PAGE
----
Turkey vultures not regular guests at MARS

These vultures are a common sight in the early summer skies as they soar on the air currents, keeping a nose out for their dinner.

TWO TURKEY VULTURES returned recently to MARS after they were sent to another wildlife centre for rehabilitation.

TWO TURKEY VULTURES returned recently to MARS after they were sent to another wildlife centre for rehabilitation.

It is always rewarding when we can successfully rehabilitate wildlife patients, as many of the cases admitted to the MARS wildlife centre are beyond help by the time they arrive.

Last week saw the return of two patients that were rescued and have spent almost a year in captivity. Initially both birds were treated for their injuries and then sent to OWL, another wildlife centre in Ladner, where they spent several months rebuilding their strength and flight muscles in large flight pens.

Turkey vultures are not regular guests at MARS, which is fortunate as some of their eating habits are quite gross to watch! These vultures are a common sight in the early summer skies as they soar on the air currents, keeping a nose out for their dinner.

Often mistaken for bald eagles, vultures are actually members of the stork family. They were known to the Cherokee First Nations as “peace eagles,” a reflection of their non-aggressive nature.

They have neither talons nor a hooked beak capable of killing or tearing apart prey; in fact they do not kill their prey at all. Turkey vultures have many unique characteristics some of which are quite repulsive but at the same time serve a useful purpose.

Vultures do not rely on their eyesight like raptors to locate their food; they are scavengers by nature and eat rotting carrion or vegetation. To detect their food they rely on an enhanced sense of smell and can locate the rotting food by detecting gasses released by the decaying meat.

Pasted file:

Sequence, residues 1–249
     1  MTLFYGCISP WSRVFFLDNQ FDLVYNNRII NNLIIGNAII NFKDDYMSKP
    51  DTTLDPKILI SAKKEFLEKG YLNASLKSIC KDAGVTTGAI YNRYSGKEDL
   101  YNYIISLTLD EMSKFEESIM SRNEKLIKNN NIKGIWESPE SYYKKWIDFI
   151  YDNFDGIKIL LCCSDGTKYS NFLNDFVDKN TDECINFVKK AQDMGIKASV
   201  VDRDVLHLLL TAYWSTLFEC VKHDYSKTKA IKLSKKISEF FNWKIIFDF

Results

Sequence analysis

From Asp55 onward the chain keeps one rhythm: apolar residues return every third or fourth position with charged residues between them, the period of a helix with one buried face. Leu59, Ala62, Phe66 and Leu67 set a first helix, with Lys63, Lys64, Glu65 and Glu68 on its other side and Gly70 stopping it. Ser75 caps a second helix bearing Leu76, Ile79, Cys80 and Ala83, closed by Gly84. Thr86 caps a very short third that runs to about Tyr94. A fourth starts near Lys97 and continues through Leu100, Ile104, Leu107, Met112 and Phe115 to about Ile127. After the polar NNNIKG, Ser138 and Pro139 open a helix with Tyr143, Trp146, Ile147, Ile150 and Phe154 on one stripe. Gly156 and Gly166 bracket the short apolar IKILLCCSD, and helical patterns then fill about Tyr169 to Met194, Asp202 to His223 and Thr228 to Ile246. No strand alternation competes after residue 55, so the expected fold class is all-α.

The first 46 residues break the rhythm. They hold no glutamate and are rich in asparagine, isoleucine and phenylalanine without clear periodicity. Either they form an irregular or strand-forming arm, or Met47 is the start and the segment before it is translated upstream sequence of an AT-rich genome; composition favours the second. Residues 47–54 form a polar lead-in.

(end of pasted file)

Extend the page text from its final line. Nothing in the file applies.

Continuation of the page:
A featherless head is thought to have evolved to prevent feather rot a condition that occurs when feathers collect food particles and cannot be preened clean; vultures feed by putting their heads inside the carcass which would definitely result in feather rot!

When seen in flight it is difficult to determine the eagle from the vulture, an easy way to tell is by the way they hold their wings when soaring on the air currents. A vulture holds its wings in a V formation with the leading flight feathers held apart; eagles hold their wings straight out.

The turkey vulture’s main diet consists of meat from mammals or fish and they do also eat vegetation. These birds have an extremely efficient digestive system, which protects them from catching any disease the rotting food may carry. Once the food is digested, their waste material is sterilized and free from diseases.

Nothing is wasted by these birds, which are sometimes known as “sanitizers of the desert.” They find unique ways to regulate their body temperature making sure no one intrudes on their meal.

Like the stork family, vultures will use their waste materials to cool them off in hot weather; they urinate or defecate on their legs which cools them by evaporation. Meals are protected by the bird vomiting on the food making it very unappetizing for an unwanted dinner guest.

The two turkey vultures rescued last August were returned to MARS after extensive flight training, one had been hit by a garbage truck and managed to flip into the newly emptied truck. Unfortunately, many of our patients are victims of impacts with vehicles and often sustain life-ending injuries; this vulture had a badly broken wing but was fortunate to recover.

The second vulture was a target of an errant shot from a pellet gun. Please be extra cautious on the roads right now.

Many young wildlife species are learning their road smart skills. Be especially aware of ducklings and fawns that lack any road sense and will run into the road.

A thank you to the Grade 2/3 class from Quadra Island who joined me on a bird watching field trip it was great to see such an enthusiastic group who learnt how neat bird watching can be.

Check www.wingtips.org for coming events, to report injured or orphaned wildlife please call 1-800-304-9968. For all other calls, 250-337-2021.

Sandy Fairfield is the educational co-ordinator for the Mountainaire Avian Rescue Society (MARS). The MARS column appears every second Thursday.

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